What does a passive-aggressive communicator look like?

Well, they often speak with a sugary sweet voice and their facial expressions are inconsistent with their true feelings. They purposely do things to annoy and disrupt - even though they appear pleasant and cooperative - and they tend to be gossipy. As a result of these patterns, passive-aggressive communicators become alienated from those around them, causing them to feel confused, angry and hurt.

What is aggressive communication? 

Lastly, let's cover aggressive communication. As you can easily imagine, this is another unhealthy style of communicating. Probably the one that you can recognise more easily.

People using this style often deliver their message with a sense that their opinions and feelings hold the most importance, and in a way that is inappropriate and violates the other person's feelings. Communicating this way is ineffective as the message can get lost because people are too preoccupied with reacting to the way it is delivered. 

Normally the message is delivered with a loud voice and a demanding tone. An aggressive person can try to dominate and control the conversation to the point of becoming intimidating, critical, bullying and even attacking the other person.

Aggressive communicators often behave as if their needs are the most important, as though they have more rights. They can be very rude and not able to listen to others. They are verbally and sometimes even physically abusive and you could hear words like "It’s all your fault", "You are crazy" and "I’ll get my way no matter what." When you are in front of these communicators, you are likely to feel scared, hurt and humiliated.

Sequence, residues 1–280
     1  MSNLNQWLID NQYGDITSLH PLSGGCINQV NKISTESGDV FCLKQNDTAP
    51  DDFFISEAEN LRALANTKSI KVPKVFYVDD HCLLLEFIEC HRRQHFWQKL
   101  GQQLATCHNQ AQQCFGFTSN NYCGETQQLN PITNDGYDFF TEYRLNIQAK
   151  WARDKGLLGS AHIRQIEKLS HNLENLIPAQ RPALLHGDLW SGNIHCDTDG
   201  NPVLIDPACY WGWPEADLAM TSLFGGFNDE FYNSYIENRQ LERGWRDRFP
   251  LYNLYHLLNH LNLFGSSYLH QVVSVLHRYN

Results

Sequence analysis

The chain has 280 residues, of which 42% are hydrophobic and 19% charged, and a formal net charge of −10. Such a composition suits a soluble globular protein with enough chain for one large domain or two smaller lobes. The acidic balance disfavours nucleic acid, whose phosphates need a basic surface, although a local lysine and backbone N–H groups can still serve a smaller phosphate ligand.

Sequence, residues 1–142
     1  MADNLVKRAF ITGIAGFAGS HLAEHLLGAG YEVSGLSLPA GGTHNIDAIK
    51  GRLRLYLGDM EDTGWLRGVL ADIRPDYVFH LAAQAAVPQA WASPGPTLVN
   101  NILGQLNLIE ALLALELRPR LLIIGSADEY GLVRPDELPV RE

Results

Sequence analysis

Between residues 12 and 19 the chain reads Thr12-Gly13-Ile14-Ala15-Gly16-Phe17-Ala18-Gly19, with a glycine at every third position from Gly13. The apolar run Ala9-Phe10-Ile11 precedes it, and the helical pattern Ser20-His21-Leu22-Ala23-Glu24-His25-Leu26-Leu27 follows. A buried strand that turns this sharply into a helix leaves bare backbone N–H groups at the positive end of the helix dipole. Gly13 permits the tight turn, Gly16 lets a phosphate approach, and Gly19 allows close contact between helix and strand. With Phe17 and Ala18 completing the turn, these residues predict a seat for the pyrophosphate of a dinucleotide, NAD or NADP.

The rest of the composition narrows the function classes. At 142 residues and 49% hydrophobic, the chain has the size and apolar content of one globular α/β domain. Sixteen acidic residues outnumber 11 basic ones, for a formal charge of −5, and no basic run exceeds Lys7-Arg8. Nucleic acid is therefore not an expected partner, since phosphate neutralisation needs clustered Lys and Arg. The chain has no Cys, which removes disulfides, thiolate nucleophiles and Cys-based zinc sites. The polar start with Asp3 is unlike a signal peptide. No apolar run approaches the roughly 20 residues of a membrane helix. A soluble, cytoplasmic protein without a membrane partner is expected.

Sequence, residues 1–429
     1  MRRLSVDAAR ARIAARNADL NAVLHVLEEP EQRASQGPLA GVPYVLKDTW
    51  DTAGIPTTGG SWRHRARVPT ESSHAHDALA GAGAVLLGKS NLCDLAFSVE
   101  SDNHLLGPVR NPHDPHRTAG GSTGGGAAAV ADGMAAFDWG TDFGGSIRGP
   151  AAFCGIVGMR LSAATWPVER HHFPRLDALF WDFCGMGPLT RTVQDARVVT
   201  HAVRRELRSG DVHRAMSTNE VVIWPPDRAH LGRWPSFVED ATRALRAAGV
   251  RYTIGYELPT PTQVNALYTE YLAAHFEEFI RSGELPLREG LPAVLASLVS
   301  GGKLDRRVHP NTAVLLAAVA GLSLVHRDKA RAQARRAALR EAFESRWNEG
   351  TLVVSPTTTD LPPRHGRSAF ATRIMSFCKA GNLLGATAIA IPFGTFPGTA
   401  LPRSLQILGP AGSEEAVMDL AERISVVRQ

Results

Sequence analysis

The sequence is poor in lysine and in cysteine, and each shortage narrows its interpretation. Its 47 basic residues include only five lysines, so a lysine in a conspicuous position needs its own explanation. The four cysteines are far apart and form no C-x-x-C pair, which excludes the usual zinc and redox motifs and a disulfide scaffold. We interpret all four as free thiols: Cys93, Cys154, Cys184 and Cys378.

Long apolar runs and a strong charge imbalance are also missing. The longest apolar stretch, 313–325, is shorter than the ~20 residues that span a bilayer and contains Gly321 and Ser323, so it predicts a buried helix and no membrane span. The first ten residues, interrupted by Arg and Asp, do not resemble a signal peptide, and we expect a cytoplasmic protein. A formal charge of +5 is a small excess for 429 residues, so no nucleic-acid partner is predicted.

Now that we have covered all three dysfunctional communication styles, perhaps you can look at yourself, different situations and people around you and identify what kind of communicators you and they are, bearing in mind that even though we all have a predominant style, we can all swing along the spectrum depending on the situations or people you are facing.

Recognising this can allow you to shape your interactions and even to empathise more with those around you who you notice are struggling in their own communication. Or to establish boundaries with those who are being aggressive with you.

The views expressed in this article are those of the author. All articles published on Counselling Directory are reviewed by our editorial team.

Share this article with a friend
London, W8 6UG
Written by Francesca Moresi, HCPC, BPS and MBACP Registered
London, W8 6UG

I am a qualified, experienced therapist with 10 years of study, research and practice with clients from around the world.
I believe you are more powerful than you think and I can help you reach your full potential.

Show comments

Find a therapist dealing with Relationship problems

All therapists are verified professionals

All therapists are verified professionals